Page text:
In breaking NFT news, Twitter has launched a verification mechanism for non-fungible token profile pictures. While that might sound like gibberish to some, for NFT collectors, creators and fans, it’s exciting news.
Although NFTs are verifiable digital assets that are securely stored on blockchains, critics often question their real ownership value. That’s because it’s always been possible for anyone to right click a digital image and copy and paste an NFT to use it for themselves.
Thanks to Twitter’s new innovative profile picture verification feature, that sort of activity (which has always been frowned upon by the NFT community) has become more difficult.
Here’s what we know for sure about Twitter’s new profile picture verification feature:
- The service is currently only available to iOS users who subscribe to Twitter Blue, which costs $2.99 a month and includes other features. In the future, it will likely be available to more users.
- Users can connect the crypto wallets Metamask, Coinbase or Rainbow to their Twitter account to verify any Ethereum-based NFTs. Eventually Twitter hopes to integrate NFTs from other blockchains.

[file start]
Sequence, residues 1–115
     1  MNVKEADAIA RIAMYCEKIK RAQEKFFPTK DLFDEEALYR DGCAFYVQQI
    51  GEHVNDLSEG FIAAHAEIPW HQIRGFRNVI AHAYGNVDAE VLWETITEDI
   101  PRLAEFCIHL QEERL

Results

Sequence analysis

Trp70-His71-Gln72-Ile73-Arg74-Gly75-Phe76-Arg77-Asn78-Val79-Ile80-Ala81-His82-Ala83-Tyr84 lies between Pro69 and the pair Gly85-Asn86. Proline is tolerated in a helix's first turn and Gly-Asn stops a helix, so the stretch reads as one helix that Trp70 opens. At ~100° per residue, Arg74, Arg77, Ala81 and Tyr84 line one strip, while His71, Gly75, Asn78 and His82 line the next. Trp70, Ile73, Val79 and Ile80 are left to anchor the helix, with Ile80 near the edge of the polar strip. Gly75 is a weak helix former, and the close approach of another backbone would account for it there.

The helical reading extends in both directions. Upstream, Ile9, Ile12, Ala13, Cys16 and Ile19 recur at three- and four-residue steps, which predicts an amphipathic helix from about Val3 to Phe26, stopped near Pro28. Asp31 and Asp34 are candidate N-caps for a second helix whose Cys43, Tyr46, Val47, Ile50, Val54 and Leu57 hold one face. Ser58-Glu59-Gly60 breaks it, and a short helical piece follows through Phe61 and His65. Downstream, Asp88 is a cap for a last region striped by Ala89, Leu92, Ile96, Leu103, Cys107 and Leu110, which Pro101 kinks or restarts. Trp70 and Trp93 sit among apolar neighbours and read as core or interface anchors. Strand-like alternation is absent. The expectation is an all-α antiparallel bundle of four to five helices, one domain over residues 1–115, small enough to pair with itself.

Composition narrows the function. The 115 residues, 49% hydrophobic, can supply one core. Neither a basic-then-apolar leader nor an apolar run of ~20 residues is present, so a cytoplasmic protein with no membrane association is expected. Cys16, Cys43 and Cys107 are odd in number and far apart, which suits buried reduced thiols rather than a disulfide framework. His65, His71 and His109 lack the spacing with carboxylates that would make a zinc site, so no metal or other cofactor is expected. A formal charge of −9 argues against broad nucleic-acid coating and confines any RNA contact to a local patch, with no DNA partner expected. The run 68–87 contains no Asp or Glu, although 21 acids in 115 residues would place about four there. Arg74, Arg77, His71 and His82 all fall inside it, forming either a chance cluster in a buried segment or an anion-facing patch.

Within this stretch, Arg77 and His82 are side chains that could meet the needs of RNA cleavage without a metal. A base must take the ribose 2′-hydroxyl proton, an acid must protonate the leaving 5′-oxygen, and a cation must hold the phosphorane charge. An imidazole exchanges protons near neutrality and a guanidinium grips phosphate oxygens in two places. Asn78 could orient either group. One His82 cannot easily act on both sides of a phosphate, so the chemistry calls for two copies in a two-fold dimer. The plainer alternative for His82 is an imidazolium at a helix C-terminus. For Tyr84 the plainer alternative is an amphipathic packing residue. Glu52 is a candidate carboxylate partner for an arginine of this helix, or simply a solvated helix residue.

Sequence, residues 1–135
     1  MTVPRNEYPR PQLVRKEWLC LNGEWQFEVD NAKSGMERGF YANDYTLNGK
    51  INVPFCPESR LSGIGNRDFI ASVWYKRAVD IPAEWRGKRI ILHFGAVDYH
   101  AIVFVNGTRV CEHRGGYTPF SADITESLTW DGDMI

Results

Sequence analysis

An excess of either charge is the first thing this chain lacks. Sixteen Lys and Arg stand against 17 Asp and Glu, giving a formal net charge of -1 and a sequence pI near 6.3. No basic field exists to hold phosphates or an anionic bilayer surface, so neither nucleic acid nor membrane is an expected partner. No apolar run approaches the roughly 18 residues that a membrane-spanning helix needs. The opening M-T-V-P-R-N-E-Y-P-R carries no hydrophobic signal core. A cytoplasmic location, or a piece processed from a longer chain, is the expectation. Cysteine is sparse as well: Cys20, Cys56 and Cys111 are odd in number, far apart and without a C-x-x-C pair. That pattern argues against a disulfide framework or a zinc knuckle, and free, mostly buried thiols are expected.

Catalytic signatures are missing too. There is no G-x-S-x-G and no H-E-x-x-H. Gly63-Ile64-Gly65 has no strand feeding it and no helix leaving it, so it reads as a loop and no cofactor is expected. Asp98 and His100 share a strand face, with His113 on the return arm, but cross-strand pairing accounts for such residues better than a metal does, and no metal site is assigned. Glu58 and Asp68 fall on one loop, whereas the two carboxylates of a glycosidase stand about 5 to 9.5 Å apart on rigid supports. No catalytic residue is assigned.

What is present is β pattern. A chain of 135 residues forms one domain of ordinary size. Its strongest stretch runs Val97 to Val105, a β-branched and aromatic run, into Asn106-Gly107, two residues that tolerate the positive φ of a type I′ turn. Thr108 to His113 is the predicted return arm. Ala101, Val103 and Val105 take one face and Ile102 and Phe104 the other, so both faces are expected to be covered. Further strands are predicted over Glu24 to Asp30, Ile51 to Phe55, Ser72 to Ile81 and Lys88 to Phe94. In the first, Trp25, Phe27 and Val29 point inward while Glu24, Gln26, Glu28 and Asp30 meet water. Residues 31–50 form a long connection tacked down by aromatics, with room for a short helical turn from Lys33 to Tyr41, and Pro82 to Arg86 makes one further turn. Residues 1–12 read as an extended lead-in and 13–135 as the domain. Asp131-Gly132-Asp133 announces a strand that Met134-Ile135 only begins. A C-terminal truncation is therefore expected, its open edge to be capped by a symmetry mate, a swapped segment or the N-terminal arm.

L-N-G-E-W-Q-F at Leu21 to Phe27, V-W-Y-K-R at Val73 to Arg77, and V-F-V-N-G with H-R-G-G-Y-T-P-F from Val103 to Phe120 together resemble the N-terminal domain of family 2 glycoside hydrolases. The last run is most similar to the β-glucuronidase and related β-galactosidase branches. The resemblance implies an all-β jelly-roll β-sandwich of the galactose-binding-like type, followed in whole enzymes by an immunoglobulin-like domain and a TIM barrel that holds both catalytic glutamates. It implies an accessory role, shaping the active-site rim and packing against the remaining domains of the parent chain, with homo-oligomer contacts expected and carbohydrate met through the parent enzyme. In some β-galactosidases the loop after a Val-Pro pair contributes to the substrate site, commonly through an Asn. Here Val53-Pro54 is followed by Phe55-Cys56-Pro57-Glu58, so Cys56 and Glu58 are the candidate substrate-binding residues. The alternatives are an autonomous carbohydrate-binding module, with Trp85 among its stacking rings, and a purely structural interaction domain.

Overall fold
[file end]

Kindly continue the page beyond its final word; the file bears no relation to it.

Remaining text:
- The NFTs are verified through the leading NFT marketplace OpenSea.
- When your NFT is verified, you get a new hexagonal border that encloses your profile picture. Someone trying to “steal” your NFT by right clicking will be left with the classic circle around the profile picture.
- When someone clicks on your NFT, more information about the art and collection will be displayed.
Although former Twitter CEO Jack Dorsey wasn’t a big fan of NFTs, Twitter has become a pivotal platform for crypto and NFT enthusiasts. They are clearly paying attention to the needs of those communities and making fast moves to accommodate them.
The new security feature also signals a transition towards Web 3.0, where the internet runs on blockchains and is tied into crypto wallets that allow digital assets to be traded, bought, sold, and in this case, verified.
But for time being, the celebrities like Steve Aoki and athletes who’ve spent hundreds of thousands, even millions of dollars on NFT profile pictures, will likely appreciate the added layer of protection from Twitter.
And one thing is certain. Now Facebook isn’t the only social media giant going hard in the NFT space.